HOWEVER, in the paragraph, it is given that “it is one of the biggest tragedies” – which means that there is more than one tragedy (hence tragedies – plural form) of the same magnitude. It means two or more (numbers don’t matter here) are on the same level; hence, it contradicts with the question. So the answer comes out to be ‘False’.
Let’s take other examples:-
Paragraph– Dogs have four legs.
Question – Dogs have four thin legs.
Paragraph – Dogs have four thin legs.
Question – Dogs are four-legged animals.
Take your time to mark before reading the passage further.
I hope now you have marked your answers before checking the answers.
The answer to the first question is ‘NOT GIVEN’ and the second answer is ‘True’
Have you guessed both the answers correctly? If not, don’t worry; I am going to explain them as well.
For the first question, the paragraph states, “Dogs have four legs” and the question is asking you to verify that “Dogs have four thin legs”.
Noticed a difference? Maybe, try again? Oh, yes, it’s the word ‘thin’.
If you read the paragraph, you can’t judge if the dogs have thin or thick legs. Hence, the answer comes out ‘Not Given’.
Remember, ‘Not Given’ is a combination of two words: Not + Given, where ‘Given’ implies some information of the question will be found in the paragraph and Not signifies that you can’t verify some information from the paragraph test. It can be one word; but if you can’t verify it, it is Not Given. Just don’t assume.
Never Assume –
This is the most common mistake and probably the biggest mistake students make while attempting the reading module. They try to assume the things to complete the sentence per their understanding.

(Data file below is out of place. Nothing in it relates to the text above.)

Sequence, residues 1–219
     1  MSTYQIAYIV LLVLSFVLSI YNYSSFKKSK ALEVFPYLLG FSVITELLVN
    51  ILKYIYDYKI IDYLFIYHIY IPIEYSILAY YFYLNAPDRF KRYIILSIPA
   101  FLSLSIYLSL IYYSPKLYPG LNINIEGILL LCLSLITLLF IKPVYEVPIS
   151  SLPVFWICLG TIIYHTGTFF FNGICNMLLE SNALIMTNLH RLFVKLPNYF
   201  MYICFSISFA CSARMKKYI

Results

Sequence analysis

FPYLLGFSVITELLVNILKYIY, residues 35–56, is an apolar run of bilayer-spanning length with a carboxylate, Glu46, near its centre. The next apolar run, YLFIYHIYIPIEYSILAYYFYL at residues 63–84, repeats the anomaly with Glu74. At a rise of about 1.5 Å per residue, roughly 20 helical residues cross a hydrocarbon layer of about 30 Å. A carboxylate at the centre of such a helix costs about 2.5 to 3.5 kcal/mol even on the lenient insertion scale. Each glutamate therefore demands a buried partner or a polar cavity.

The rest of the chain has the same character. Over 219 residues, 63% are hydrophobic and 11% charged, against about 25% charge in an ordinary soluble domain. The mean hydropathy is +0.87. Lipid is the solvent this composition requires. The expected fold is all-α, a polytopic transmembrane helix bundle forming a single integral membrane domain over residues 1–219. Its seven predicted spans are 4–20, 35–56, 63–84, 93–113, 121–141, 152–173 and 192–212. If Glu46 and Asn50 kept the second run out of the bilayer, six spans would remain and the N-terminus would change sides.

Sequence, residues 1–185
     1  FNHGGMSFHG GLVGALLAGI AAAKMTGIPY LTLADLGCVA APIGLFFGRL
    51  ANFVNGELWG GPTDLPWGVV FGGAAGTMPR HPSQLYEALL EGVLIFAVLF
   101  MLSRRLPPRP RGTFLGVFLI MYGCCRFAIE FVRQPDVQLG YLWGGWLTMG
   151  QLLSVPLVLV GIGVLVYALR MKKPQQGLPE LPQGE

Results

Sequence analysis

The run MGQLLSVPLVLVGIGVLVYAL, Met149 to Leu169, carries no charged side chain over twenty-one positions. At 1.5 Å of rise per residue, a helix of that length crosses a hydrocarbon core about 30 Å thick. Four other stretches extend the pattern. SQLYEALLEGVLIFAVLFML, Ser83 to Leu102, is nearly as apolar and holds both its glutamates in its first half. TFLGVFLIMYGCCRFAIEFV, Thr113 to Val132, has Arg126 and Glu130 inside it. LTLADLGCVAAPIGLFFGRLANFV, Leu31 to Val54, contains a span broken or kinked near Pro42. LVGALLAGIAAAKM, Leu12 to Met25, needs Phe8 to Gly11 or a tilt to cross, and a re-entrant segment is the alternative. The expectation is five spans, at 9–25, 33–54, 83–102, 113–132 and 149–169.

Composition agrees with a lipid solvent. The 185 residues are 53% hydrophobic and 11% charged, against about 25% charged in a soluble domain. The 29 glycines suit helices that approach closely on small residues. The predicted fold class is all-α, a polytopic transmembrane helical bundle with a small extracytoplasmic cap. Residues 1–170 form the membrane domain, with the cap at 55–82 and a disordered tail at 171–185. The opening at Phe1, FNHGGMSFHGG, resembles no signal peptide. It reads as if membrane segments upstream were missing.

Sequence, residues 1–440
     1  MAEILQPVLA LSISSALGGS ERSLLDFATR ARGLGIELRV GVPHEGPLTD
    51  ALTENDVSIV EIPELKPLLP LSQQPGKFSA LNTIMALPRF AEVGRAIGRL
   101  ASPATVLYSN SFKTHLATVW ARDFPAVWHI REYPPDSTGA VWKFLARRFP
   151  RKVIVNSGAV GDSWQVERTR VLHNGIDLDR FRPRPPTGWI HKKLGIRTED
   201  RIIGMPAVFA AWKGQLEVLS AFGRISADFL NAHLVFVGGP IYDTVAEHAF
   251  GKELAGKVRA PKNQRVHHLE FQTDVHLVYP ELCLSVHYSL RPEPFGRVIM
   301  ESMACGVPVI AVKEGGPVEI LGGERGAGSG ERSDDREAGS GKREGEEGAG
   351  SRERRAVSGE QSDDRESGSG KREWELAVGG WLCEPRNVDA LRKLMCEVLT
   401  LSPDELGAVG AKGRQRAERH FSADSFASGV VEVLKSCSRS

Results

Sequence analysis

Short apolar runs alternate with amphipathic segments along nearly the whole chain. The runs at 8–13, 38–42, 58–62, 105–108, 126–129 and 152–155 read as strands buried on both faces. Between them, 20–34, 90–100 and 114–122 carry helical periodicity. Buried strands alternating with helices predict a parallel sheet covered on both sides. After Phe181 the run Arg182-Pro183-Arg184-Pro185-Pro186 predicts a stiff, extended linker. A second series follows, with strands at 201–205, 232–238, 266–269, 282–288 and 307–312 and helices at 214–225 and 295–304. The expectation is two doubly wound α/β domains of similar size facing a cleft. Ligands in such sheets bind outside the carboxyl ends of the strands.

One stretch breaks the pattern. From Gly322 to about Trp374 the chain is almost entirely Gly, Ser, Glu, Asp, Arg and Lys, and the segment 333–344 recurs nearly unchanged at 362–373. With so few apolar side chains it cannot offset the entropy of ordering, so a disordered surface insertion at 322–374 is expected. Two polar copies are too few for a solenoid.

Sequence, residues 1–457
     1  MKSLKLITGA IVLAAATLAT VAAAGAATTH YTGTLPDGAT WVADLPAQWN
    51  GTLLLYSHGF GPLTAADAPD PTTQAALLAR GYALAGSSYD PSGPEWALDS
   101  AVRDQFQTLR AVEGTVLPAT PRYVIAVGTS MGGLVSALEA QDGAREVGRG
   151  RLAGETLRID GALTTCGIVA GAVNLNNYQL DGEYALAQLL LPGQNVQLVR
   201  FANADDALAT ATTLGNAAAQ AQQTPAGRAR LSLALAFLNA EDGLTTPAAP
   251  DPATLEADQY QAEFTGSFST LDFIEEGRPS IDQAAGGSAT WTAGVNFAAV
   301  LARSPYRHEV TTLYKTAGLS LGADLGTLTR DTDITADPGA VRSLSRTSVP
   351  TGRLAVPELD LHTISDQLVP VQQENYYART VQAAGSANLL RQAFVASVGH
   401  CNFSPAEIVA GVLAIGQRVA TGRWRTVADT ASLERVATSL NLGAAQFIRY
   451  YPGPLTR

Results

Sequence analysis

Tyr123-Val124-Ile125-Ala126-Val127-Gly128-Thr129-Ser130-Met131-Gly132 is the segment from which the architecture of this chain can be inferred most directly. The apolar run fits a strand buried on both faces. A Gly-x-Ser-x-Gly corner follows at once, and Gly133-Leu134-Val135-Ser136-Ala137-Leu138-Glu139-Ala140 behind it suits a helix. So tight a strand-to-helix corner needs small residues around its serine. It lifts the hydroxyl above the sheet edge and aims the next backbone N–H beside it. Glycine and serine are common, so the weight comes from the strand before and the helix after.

But, this approach is completely wrong.
You have to remember that this is a language test and not your General Knowledge test; so anything you know about the topic is irrelevant.
Every question has to be attempted in the paragraph. Just remember that anything and everything that is given in the paragraph is the truth for that section and anything that is not mentioned in the paragraph should not be assumed.
For example – If in the paragraph the author says that the dog’s meow, you simply have to accept it; although we know that dogs bark, but whatever the author says should be considered the ultimate truth and your answers of the questions should be solely based on it.
Not Reading Further –
You must have heard or even experienced it yourself that the reading was easy, but still, somehow you did not get the band score you were hoping for.
It happens frequently. Believe me, if I say even students having band 9 in other modules can’t score 7 in the General Training module.
Most students wonder why? But have you ever assessed the real problem? What can be the real possible reason for this? You may be surprised as the most frequent mistake pupils make is that they are NOT READING THE NEXT LINE.
Many students, when they think that they have found the answer, they quickly select that option and they do not read the next sentence. Frequently, what happens is that the next line they change the answer.
For cite: – The search first reveals that fossils were found in 1700. However, later it was established that they were discovered in 1702.
Question – The fossils were first found in ______.
If you have filled 1700, your answer is incorrect. The correct answer is 1702. 1700 would have been correct if the sentence or paragraph would have ended at ‘1700’. But the next line changed the answer. This is how students lose precious marks. This thing is not limited to blanks, but also all other types of questions.